In the Indian state of Gujarat, 100 km from the Arabian Sea, there is a snow-like white salt field in the barren desert, which extends to the border with Pakistan in the north. It is also known as the Rann of Kutch. This turtle-shaped area is divided into two parts - the Great or Great Rann is spread over 18,000 square kilometers. The second part is called Chhota Ran which is spread over 5,000 square kilometers. Combining these two, a wide plain of salt and tall grass is formed, which is one of the largest salt deserts in the world. From here, India gets 75 percent salt. Every year in the summer month, the monsoon rains cause flooding in the Rann. The dry fields of white salt disappear altogether and in their place become a shimmering sea. Both the Rann of Kutch is situated on the western border of India between the Gulf of Kutch and the mouth of the Indus River in southern Pakistan. Bada Ran is about 100 km northeast of Bhuj city. It is called the endless 'white desert' of India. There is little wildlife in it. Chhota Rana is to the south-east of Bada Ran. It is a sanctuary for immigrant birds and wildlife. Despite this, there are many similarities between the two races.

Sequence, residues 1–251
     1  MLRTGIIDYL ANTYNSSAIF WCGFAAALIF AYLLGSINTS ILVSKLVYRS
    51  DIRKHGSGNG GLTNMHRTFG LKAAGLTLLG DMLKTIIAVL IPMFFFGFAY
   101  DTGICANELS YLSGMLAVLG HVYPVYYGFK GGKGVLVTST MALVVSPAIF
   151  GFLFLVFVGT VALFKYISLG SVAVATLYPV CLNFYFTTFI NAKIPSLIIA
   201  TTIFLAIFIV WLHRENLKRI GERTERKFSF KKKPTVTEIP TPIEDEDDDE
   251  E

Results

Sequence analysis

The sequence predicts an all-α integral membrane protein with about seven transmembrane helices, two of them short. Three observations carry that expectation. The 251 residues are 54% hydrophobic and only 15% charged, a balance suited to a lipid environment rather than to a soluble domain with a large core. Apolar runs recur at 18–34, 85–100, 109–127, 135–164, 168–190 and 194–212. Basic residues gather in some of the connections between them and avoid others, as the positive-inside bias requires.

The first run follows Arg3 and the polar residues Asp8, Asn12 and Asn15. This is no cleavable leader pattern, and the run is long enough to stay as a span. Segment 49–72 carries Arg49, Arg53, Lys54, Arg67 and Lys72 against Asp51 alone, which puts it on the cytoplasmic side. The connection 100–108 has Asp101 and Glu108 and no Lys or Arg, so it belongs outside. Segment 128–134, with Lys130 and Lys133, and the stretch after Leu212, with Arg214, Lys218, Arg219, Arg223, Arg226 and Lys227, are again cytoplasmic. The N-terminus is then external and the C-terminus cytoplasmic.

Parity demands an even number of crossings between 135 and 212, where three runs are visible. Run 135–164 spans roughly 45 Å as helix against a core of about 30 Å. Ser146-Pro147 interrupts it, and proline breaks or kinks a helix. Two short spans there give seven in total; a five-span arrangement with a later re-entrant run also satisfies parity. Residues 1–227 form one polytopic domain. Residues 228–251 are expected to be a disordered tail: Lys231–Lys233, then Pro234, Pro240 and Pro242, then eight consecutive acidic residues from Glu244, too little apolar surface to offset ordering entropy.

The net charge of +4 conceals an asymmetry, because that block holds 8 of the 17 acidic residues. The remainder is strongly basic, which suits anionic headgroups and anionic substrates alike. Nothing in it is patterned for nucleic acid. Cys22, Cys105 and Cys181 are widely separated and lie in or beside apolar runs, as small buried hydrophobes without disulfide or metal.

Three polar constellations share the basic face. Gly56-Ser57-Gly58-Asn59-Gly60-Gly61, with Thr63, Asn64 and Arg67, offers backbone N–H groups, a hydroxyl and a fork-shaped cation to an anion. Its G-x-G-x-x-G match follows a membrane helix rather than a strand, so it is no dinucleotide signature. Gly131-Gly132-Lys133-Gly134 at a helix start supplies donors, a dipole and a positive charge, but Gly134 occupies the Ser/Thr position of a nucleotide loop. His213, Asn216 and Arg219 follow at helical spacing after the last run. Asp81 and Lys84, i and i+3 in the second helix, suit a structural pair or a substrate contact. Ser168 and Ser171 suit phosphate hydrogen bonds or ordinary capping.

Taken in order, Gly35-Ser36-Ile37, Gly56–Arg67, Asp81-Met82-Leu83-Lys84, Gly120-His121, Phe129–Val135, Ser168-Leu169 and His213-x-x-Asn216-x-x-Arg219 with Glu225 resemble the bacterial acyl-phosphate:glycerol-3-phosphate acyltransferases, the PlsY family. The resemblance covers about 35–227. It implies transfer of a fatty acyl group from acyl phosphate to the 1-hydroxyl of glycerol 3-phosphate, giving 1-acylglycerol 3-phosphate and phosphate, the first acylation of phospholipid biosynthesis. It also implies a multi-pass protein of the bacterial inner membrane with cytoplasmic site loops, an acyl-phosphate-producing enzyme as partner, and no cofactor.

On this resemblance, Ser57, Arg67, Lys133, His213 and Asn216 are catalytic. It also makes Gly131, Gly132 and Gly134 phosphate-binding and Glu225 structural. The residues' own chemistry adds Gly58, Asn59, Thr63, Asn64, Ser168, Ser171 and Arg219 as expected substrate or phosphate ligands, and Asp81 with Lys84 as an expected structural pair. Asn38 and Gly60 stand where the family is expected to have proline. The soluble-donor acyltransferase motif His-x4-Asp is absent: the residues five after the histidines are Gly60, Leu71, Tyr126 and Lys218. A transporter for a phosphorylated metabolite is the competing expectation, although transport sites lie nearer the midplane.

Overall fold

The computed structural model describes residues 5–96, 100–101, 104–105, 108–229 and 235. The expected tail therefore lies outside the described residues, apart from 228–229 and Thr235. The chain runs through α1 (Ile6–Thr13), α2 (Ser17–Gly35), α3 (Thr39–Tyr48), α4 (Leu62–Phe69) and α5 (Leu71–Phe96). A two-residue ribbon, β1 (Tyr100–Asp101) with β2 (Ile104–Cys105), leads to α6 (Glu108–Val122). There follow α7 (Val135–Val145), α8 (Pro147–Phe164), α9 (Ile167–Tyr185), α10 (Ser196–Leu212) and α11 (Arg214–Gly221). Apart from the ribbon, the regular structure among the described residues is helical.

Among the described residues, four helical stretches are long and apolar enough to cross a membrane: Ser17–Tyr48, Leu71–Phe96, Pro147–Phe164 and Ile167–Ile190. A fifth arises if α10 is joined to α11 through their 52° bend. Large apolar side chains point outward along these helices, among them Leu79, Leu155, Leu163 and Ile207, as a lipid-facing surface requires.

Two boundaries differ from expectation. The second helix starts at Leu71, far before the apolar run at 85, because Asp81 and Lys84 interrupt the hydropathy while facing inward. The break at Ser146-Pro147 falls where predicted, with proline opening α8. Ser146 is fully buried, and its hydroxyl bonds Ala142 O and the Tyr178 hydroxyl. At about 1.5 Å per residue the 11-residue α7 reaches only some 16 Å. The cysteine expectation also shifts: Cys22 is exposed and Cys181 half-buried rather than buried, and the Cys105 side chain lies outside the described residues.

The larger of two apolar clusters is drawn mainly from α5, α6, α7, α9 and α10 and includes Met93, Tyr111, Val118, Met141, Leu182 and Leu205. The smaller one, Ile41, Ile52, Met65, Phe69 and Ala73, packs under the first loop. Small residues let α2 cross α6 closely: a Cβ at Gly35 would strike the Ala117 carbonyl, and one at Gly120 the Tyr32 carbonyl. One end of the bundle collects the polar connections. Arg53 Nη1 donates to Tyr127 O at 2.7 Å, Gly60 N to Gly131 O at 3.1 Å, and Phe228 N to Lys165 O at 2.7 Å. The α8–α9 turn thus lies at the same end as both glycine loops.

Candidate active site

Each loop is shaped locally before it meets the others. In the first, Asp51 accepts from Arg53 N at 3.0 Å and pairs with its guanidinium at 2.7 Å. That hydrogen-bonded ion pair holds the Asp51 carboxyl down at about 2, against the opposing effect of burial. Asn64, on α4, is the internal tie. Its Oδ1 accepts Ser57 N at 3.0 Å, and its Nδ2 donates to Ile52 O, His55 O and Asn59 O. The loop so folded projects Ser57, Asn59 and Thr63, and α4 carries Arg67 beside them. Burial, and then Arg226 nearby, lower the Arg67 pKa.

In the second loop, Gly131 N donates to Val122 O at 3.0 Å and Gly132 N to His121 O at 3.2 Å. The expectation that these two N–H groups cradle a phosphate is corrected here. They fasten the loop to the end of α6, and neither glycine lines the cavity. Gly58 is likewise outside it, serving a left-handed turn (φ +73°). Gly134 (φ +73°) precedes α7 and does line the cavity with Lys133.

The torrential rain of monsoon starts here in late June. Till October, the flood situation remains here. Then slowly the water starts evaporating and leaves salt crystals behind. When the water decreases, the migrant farmers start a salt field and start cultivating salt. From winter to next June, they extract as much salt as they can. The geological origin of the Rann of Kutch began around 200 million years ago in the pre-Jurassic and Jurassic periods. Many centuries ago there was a sea route here. Ships going upstream in the Gulf of Kutch and the Indus River used this route. The people of the Indus Valley Civilization, one of the world's first largest civilizations, flourished here from 3300 BC to 1300 BC. About 200 years ago, several severe earthquakes have changed the geographical shape of the place. Earthquake tremors raised the land here. Here a series of trenches filled with seawater formed which together formed a 90-km long and 3-meter deep ridge. It lost contact with the Arabian Sea.
Earthquakes trapped saltwater in the desert here, which created the specific topography of Rann. "We found a ship's mast in the desert. It was trapped here during an earthquake and could not reach the sea," says geologist Dr. MG Thakkar of Kranthi University, Kranthiguru Shyamji Krishna Varma of Kutch University in Gujarat. "That was a wonderful sight. A wooden mast in the middle of the barren desert." To promote tourism, the Government of Gujarat provides financial assistance to local, cottage handicraft enterprises. The art and craft of nomadic communities living in the Kucch region are famous all over India. In fact, many styles of printed clothes being prepared in the Rann of Kucch are extinct elsewhere. These include batik block printing, Bella printing with natural colors and lacquer printing with castor oil. The state government is promoting handicrafts by making them part of the annual Rann Utsav. The annual festival, which runs from November to February, reflects the music, dance, crafts, and local culture.